The Gators have to deal with Vanderbilt before playing this game in Baton Rouge, while LSU will first visit Arkansas this week. Assuming they each win their early-week game, we could potentially be looking at a de facto elimination game, though Florida probably has enough leash to lose this one, especially if it adds a win over Vanderbilt to the résumé on Tuesday. LSU, meanwhile, may not be able to afford another loss to a team not named Kentucky or Texas A&M.
Michigan (19–9) at Wisconsin (17–10)
Sunday, 6 p.m., Big Ten Network
The Wolverines and Badgers are both headed in the right direction, but Sunday’s showdown in Madison will net one of them a résumé-building victory. It could ultimately be the win that removes all at-large doubt for either, but especially Michigan, given that it would provide them with a strong road victory.
The American could end up having the most compelling conference tournament in terms of NCAA tournament implications. While the conference will likely send three or four teams to the dance, there may not be a safe at-large team in the bunch. That means the only team that will feel great on Selection Sunday is the one that nabs the automatic bid.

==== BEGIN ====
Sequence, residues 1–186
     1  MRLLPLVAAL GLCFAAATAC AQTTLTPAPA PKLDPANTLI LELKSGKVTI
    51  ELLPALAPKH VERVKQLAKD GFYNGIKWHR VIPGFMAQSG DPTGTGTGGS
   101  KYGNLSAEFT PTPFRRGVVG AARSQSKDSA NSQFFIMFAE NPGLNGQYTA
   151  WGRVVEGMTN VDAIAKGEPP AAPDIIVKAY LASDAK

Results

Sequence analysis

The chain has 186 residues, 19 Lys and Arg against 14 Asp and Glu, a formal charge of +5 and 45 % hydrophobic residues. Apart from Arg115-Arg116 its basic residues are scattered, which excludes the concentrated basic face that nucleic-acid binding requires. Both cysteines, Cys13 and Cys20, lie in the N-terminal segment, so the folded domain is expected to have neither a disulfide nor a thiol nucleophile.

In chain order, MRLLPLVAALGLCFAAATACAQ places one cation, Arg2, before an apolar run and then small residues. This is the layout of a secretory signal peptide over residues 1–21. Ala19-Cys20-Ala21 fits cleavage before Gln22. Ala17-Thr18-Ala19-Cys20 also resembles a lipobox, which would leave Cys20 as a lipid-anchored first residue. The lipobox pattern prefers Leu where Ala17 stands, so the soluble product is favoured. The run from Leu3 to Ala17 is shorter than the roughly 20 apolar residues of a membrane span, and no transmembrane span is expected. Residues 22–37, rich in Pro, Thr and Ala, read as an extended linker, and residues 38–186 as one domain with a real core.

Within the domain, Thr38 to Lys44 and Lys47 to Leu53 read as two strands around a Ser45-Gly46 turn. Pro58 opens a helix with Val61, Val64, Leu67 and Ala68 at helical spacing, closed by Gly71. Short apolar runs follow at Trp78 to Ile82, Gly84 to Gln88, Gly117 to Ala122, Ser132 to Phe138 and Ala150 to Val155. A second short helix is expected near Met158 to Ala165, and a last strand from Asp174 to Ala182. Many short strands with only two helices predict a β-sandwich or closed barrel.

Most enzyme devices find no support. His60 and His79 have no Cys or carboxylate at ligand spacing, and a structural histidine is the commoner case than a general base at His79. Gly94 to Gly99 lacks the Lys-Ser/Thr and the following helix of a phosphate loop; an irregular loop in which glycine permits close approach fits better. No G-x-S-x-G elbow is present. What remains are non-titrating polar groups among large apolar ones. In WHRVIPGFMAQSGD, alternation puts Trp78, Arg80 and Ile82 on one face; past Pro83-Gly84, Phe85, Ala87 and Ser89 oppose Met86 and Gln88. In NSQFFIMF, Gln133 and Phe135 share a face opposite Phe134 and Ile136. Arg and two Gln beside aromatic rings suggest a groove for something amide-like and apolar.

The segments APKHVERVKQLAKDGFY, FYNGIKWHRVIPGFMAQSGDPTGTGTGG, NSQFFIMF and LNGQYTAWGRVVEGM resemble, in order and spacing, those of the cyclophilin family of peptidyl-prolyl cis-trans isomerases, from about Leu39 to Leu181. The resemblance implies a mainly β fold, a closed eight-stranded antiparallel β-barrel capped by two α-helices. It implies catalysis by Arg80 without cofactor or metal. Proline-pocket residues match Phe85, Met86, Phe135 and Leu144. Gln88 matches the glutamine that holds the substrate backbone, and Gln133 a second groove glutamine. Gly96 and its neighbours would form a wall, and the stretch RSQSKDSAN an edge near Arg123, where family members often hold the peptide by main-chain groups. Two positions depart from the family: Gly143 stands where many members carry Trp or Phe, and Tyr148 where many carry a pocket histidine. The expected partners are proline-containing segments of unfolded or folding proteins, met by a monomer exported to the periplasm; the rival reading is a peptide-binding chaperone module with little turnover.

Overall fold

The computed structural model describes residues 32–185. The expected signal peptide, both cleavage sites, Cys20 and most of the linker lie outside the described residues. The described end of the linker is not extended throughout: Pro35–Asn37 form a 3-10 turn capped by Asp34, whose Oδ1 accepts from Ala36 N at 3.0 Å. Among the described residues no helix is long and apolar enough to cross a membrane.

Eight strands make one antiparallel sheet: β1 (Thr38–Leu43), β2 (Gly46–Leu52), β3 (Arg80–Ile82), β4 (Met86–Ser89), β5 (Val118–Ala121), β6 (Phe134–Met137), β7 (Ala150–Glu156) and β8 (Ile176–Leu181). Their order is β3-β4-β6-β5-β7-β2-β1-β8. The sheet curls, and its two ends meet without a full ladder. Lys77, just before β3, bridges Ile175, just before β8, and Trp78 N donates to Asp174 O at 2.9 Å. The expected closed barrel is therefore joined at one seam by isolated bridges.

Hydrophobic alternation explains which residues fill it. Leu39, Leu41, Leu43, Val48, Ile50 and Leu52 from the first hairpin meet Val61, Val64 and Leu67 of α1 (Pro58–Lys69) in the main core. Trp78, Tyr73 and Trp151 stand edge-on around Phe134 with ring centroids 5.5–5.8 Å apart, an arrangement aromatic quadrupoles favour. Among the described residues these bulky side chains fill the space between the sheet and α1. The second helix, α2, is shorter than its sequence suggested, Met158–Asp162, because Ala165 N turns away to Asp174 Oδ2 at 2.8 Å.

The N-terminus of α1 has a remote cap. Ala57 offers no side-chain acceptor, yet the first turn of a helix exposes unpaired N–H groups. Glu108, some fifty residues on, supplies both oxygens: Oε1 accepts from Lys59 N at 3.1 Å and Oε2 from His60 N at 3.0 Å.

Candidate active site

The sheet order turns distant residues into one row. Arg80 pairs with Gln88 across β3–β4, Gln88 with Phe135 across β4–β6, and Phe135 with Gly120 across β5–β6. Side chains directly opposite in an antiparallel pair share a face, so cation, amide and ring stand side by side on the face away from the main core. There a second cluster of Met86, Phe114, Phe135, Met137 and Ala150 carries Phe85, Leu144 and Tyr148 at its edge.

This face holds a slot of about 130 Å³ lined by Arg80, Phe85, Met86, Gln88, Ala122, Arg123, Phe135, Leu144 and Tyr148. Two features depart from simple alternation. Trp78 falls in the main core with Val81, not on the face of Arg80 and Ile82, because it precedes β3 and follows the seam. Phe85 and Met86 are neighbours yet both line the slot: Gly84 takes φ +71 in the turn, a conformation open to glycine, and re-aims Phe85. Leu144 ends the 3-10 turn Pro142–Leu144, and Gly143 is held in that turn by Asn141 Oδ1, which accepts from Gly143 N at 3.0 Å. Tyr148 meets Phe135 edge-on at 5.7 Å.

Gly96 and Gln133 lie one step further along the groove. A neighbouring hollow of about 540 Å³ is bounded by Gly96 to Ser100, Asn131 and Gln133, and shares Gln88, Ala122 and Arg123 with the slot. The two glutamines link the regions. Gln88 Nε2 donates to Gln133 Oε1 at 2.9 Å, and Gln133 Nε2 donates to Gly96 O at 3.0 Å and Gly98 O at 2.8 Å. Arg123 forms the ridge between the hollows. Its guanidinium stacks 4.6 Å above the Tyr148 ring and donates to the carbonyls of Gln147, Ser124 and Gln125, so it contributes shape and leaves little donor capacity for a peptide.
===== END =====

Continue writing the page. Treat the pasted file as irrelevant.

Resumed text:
Connecticut (19–8, 9–5) is probably the most worthy at-large team heading into the final two weeks of the regular season. The Huskies beat SMU last week before falling at Cincinnati. The victory over SMU gave them their third signature win of the season, to go along with previous wins against Texas and Michigan. They are still in a position where a loss against South Florida, Houston or UCF, three of their remaining four matchups in the regular season, could push them outside the tourney field.